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The New York Times, January 14, 1852:|
PARAGUAYIts Population, Agriculture, and Trade
A LECTURE--by E.A. Hopkins
Last evening the American Geographical and Statistical Society held a meeting at the Rooms of the Historical Society, to hear a paper read by E.A. Hopkins, Esq., upon the Population, Trade and Agriculture of Paraguay, and the upper waters of the Rio de la Plata.
...Mr. Hopkins observed that strange events in that country had closed it from the knowledge as well as the curiosity of mankind for forty years...
The vast territory, formerly known by the apellation of Paraguay, comprised all that portion of South America which was bounded on the North by the Northern frontier of the provinces of Santa Cruz de la Sierra and Charcas, in 16 deg. South latitude; on the South by the Straits of Magellan; by Brazil on the East; and by Chili and Peru on the West. But the country now distinguished by that name is entirely contained within the shores of the Paraguay and Parana Rivers, from an undefined boundary with Brazil in about 17 deg. S.L., to their junction in 27 deg. S.L. The maps of these regions are manifestly incorrect... The Rio de la Plata is formed by the confluence of the Uruguay with the Parana, and, from thence to the ocean, it is remarkable for its great breadth and shallow waters and should be properly considered an estuary of the sea.
The River Parana rises in the western slope of the highlands near the sea-board, to the North-westward of Rio de Janeiro, and flowing westerly and south-westerly to its junction with the Paraguay, continues a southerly and south-easterly course to the ocean. In this course, through 16° of latitude, and as many of longitude, its navigation is only interrupted in at longitude 23° 40'. Here the river flows for thirty-six leagues through a narrow gorge, which it has burst through the chain of mountains running from the province of Sao Paulo in Brazil, westward till they are lost before reaching the Cordilleras. Probably no living white man has ever seen these extraordinary rapids. They were described in 1808, by D. Felix d'Azara, from hearsay; because, owing to domestic dissentions, barbarism has greatly encroached upon the frontiers originally conquered from the Aborigines by the Spaniards.
These rapids probably form the most remarkable cataract in the world next to Niagara. The river Paraguay is the most perfect for the purposes of navigation of any in the world. On its East lies the rich Brazilian provinces of Matto Grosso--the population of which is estimated at 150,000. On the West, descending, we meet with the three most populous provinces of Bolivia, Moxos, Santa Cruz de la Sierra, and Chiquitos, from whence the celebrated Peruvian bark is chiefly procured...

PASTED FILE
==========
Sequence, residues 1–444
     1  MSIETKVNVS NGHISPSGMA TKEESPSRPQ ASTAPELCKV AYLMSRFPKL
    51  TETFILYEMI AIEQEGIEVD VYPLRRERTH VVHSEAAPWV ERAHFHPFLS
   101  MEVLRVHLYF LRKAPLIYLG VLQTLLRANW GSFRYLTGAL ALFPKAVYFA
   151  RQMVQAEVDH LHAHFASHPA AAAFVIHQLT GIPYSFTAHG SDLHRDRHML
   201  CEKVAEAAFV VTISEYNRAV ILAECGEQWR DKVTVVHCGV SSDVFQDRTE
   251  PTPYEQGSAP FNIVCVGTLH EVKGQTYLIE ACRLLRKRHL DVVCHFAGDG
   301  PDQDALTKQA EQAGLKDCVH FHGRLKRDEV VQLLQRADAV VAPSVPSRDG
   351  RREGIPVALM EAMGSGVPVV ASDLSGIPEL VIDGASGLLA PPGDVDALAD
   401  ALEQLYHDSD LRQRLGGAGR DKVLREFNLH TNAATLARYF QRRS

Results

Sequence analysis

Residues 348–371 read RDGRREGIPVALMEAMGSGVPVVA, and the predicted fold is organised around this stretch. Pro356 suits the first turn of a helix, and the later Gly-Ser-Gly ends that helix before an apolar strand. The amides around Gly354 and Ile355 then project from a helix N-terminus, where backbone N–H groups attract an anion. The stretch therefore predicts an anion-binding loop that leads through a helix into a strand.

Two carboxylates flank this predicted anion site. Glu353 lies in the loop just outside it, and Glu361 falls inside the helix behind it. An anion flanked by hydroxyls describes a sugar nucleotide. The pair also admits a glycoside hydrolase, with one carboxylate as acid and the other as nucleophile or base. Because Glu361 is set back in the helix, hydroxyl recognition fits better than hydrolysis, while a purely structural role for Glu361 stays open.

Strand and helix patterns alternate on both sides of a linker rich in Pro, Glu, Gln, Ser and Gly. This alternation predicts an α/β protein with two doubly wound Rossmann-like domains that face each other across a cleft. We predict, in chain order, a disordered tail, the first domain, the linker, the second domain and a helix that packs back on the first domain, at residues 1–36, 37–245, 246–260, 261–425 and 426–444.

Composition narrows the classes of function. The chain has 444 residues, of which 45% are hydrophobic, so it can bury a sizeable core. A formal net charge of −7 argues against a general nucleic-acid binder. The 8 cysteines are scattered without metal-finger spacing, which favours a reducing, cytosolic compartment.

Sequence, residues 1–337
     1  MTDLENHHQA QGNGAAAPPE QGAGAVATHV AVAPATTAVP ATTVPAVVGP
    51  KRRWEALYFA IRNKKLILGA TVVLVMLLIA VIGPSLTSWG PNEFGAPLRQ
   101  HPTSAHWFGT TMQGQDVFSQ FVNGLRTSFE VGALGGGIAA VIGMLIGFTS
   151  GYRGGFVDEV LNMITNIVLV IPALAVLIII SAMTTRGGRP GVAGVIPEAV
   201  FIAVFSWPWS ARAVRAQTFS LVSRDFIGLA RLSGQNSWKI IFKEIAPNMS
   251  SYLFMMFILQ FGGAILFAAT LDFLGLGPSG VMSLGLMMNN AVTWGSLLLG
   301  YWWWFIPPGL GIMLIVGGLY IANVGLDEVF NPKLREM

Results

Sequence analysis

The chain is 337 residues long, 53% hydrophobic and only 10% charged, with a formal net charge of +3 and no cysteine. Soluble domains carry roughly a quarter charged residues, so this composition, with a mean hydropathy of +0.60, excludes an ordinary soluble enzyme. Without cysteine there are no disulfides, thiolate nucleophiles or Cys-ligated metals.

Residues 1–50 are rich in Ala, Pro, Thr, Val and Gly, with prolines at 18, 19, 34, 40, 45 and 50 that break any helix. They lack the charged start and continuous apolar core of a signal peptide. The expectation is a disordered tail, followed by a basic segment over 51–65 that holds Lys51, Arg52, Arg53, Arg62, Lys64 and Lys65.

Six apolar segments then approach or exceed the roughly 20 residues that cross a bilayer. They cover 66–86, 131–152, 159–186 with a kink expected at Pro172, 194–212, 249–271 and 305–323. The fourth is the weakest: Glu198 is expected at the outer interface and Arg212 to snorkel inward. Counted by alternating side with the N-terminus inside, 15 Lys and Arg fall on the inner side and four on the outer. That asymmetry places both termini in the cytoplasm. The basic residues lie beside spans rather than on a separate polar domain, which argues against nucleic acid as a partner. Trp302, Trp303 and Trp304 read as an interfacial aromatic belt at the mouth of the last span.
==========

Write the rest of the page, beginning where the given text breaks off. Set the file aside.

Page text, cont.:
...In Paraguay itself there are 1,200,000 souls. The country is intersected by many rivers, all more or less navigable from ten to fifty leagues. Of these the river Tibicuari is the most important; it was fully explored in 1785 by D'Zara, as well as last year by myself...
Yet it will be asked, "How is it that all this has just been found out?"... The story is one of dark crime. Its cause is simple when explained. Two extraordinary characters will be found to be the chief impediment: Rosas, the dictator of Buenos Ayres, and Francia, the tyrant of Paraguay; while at the same time our own Government has heavy sins of omission to answer for...
...in 1811 [Paraguay] established on the ruins of the Spanish power a Government of her own, securing her independence from a colonial vassallage mainly by her isolated geographical position. This fact was one cause of the tyranny to which she was subjected under the Dictator Francia.
...Beginning his career in 1811, in 1814 [Francia] was elected dictator for three years. He died on the 23rd of September, 1840. During this time he adopted as a principle non-intercourse with all the world... The reason why Paraguay still remains virtually in the same position as Francia left her is to be found in the history of the Dictator of Buenos Ayres, Manuel de Rosas... under his rule the country has decreased in population; the liberty of the press has been annihilated, and the public schools, colleges and hospitals are all gone.
A twelve years knowledge of them satisfies me that it is not necessary to rule the Argentine people in such a way... The policy of Rosas is to avoid the light of civilization and commerical intercourse, and the only communication he has permitted Paraguay to have with the outside world for the past two years consisted of a monthly mail carried by an Indian scout.
...In Paraguay the forests teem with every description of ornamental and useful woods.
The vegetable kingdom of Paraguay presents the richest attractions. The medicinal herbs, which abound in the greatest profusion, are rhubarb, sasparilla, jalap, bryoniat, indica, sassafras, hollywood, dragon's blood, balsam of copaiba, nux vomica, liquorice and ginger. Of dye-stuffs, too, there is an immense variety--the cochineal, which is indeed an insect, but requiring for its food a species of the cactus plant; two distinct kinds of indigo, vegetable vermillion, saffron, golden rod, and other plants producing all the tints of dark red, black and green. Many of the forest trees yield valuable gums, not yet familiar to commerce or medicine, and they comprise some of the most delicious perfumes and incense that can be imagined. Others again are like amber, hard, brittle, and insoluble in water. Some cedars yield a gum equal to gum Arabic; others a natural glue, which, when once dried, is unaffected by wet or dampness. The seringa, or rubber tree, the product of which is now almost a monopoly with Para, and also the Palo Santo, which produces the gum guiacum, crowd the forests, ready to give up their riches to the first comer; and the sweet flavored Vanilla modestly flourishes, as if inviting the hand of man.